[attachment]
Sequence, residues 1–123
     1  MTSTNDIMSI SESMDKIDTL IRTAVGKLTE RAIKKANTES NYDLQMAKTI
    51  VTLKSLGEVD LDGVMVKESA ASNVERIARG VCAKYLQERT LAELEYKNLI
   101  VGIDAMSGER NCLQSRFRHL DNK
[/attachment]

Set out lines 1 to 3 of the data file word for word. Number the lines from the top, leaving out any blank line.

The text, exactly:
Sequence, residues 1–123
     1  MTSTNDIMSI SESMDKIDTL IRTAVGKLTE RAIKKANTES NYDLQMAKTI
    51  VTLKSLGEVD LDGVMVKESA ASNVERIARG VCAKYLQERT LAELEYKNLI